1. What is Strategic planning?
  1. 1plan of action
  1.2 tool for large org. & nations
  1.3 tool for ind.
2. Why is Strategic Planning important for people?
  2.1 helps  bal. b/w passivity & trying to live acc.
  2.2 antithesis to simply drifting
  2.3 smartness to embrace opportunities

3. Importance of Strategic planning in Business
   3.1 provides knowledge about employees
   3.2 maximise short/long term investments
4. Three fundamental steps in Strategic Planning
    4.1 creating a plan
    4.2 keeping track of results
    4.3 altering course based on results
5.  How can we plan for complexities in life?
    5.1 pick one area of life which is most challenged
    5.2 start planning for it
    5.3 when you stabilize that area, dev. plan for another aspect
    5.4 learn to dev. Skills in making trade-offs b/w various aspects of life


One example of the branched format for note making is given as under:

Title: Strategic Planning



There are interesting ways of making notes, but then if it is about appearing for a specific exam, then the student will have to enquire about the formats that will be accepted by the examiner. Generally, the CBSE accepts the linear form of making notes.



Task 3: draw a list or key for the abbreviations used by you

List of abbreviations:
1.b/w   :  between
2.ind.  :  individual
3. acc  :  according
4. dev. :  develop
5. inv.  :  investment
Task 4: Draft a summary from the notes made by you
 Writing down the summary in a specific number of words. In this case, the total number of words is a hundred and twenty. Note: remember to write the summary from the notes you have made, and try to stick to the word limit. The grid is for representational purposes and it can be drawn with a pencil and then rubbed off! Drawing a grid will help the student to stick to the word limit and a quick calculation will determine the number of rows and columns required. In this case the student is required to write a summary in 120 words, so eight columns and fifteen rows will give you 120 boxes in which you can write 120 words.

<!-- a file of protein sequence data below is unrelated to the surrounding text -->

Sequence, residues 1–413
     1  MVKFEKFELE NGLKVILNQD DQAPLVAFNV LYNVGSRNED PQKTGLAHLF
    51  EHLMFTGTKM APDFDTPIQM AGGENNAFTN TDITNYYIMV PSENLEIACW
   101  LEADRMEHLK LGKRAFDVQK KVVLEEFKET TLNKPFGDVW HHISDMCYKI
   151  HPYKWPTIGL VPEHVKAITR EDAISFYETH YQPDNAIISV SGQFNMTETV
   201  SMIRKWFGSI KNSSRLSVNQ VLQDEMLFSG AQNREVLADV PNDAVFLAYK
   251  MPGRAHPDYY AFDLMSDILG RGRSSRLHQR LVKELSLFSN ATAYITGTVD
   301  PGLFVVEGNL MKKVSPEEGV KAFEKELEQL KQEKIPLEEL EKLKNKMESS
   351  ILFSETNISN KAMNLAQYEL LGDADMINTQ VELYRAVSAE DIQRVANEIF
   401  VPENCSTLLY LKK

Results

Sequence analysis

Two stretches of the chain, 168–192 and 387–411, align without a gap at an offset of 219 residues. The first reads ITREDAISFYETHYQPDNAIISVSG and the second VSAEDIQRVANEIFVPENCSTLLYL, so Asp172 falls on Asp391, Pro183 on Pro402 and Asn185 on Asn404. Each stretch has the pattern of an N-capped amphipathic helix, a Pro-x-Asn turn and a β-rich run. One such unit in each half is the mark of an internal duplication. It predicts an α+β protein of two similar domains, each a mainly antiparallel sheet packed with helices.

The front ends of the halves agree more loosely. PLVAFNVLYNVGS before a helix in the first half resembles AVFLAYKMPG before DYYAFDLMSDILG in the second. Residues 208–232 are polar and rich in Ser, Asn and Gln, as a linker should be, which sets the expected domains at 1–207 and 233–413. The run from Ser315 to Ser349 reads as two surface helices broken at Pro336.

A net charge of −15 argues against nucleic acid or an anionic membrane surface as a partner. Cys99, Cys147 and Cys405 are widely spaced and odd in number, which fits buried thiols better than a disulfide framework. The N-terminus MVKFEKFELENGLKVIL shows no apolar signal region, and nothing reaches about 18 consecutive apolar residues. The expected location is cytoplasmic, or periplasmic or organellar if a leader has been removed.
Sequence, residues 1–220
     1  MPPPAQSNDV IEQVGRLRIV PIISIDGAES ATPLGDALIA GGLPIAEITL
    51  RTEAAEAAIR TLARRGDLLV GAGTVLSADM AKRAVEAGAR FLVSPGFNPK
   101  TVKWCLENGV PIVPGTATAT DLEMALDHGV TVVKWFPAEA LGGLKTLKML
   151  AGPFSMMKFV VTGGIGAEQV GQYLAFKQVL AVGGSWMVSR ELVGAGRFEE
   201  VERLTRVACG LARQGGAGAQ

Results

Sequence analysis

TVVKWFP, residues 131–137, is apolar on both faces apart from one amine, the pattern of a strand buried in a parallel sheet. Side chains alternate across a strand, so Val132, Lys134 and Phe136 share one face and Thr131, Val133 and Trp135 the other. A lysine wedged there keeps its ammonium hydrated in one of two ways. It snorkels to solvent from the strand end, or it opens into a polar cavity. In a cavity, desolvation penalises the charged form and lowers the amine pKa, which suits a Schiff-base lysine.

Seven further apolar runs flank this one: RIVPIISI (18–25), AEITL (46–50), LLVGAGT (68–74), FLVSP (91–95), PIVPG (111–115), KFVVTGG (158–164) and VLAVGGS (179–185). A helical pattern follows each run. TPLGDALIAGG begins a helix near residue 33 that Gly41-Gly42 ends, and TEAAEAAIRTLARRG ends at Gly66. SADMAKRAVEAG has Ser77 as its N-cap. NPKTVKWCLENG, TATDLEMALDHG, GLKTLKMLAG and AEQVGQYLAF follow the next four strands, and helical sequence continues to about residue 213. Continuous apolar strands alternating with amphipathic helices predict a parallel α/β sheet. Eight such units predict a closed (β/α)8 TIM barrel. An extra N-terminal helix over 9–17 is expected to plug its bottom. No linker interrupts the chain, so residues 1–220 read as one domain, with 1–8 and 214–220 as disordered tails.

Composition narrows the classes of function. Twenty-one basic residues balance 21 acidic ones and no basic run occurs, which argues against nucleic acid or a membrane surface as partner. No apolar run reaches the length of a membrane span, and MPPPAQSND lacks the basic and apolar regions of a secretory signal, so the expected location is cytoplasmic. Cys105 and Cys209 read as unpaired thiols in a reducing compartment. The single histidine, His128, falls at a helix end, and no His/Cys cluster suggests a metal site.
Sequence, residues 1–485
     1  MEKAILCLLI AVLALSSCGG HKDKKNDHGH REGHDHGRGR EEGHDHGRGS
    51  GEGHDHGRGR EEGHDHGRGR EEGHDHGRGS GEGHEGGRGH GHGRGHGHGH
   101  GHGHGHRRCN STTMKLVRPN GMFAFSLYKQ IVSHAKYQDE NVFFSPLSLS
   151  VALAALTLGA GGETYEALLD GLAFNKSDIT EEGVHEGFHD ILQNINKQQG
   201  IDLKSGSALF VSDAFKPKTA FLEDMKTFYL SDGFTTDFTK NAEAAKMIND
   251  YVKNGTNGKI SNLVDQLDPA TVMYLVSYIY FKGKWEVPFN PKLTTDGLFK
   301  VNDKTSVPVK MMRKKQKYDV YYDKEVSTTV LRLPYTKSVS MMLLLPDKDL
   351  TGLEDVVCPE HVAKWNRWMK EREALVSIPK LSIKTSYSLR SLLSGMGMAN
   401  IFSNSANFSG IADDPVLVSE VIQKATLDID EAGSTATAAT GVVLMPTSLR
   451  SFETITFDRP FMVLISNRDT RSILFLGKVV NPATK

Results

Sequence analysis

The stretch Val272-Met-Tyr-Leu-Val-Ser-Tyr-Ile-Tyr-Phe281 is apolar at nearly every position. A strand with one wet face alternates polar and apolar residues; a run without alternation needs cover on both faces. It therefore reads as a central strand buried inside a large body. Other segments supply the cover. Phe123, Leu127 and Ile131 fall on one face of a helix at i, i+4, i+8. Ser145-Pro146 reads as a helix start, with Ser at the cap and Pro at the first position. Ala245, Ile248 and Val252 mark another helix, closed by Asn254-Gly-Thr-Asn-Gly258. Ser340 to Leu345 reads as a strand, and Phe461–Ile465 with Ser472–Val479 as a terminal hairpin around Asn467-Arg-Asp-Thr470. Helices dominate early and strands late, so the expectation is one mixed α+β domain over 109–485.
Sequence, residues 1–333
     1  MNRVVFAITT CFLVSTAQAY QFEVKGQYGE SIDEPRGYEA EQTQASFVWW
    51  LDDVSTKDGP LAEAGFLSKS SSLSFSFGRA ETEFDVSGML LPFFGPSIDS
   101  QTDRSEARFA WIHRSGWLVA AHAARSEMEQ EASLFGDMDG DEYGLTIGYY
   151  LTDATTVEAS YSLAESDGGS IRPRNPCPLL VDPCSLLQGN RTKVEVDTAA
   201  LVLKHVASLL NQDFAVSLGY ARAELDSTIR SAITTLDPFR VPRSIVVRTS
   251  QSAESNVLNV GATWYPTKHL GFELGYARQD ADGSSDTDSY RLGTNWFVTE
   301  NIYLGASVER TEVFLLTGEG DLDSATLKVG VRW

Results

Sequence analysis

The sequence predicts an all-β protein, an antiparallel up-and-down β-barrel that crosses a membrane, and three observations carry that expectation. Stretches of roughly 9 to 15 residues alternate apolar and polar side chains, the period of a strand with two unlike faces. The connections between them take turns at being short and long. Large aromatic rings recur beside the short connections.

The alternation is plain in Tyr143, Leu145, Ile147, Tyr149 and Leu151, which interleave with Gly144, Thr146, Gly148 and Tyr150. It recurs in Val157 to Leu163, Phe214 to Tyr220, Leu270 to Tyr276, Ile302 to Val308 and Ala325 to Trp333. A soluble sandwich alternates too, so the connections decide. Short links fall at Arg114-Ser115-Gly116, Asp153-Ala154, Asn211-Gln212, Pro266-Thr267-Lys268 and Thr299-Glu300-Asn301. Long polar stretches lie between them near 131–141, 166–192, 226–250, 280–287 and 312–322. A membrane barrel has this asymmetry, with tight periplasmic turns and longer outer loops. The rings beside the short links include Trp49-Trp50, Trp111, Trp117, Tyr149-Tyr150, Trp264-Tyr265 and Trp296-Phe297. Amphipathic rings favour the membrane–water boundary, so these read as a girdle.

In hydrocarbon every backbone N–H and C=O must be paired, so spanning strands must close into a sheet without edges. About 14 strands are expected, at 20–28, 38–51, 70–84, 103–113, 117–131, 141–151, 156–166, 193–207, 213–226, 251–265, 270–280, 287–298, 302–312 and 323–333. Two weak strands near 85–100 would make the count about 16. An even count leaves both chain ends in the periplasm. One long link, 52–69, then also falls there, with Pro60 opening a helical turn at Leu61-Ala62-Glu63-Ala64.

Strategic
planning
refers
to
a
plan
of
Action.
It
Is
an
important
tool
used
by
large
organisations
industries
nations
and
Individual.
It
Is
important
because
it
provides
a
balance
between
passivity
and
living
according
to

Plan.
Strategic
planning
leads
to
smartness
in
embracing
Opportunities.
Planning
Is
important
in
business
because
you
need
to
know
the
individual
and
you
need
to
maximise
Short-term
and
Long-term
Investments.
The
three
fundamental
activities
in
planning
include
creating
a
plan,
keeping
track
of
results
and
altering
course
based
on
results.
One
can
plan
for
a
complicated
life
by
picking
up
an
area
of
life
that
is
most
challenged
and
starting
to
plan
for
specific
areas.
When
one
area
is
Stabilized,
start
on
the
other!

Total 120 words

Important tips for the summary: 
The summary is made up entirely out of the notes.
Paraphrase rather than copy the exact words of the author of the passage.
Use liberal use of linkers, or connectors to reduce repetitions.
Don't compromise on fluency.
Write complete sentences, avoid using abbreviations and symbols.
Use third person narration, indirect speech and past tense where required.
Supply a suitable title, not in one word, but at least a couple of words or a phrase.
Do not exceed the word limit of 80 words.

Exercise 1
Read the following passage carefully:



By Jen Laskey/Medically reviewed by Sanjai Sinha, MD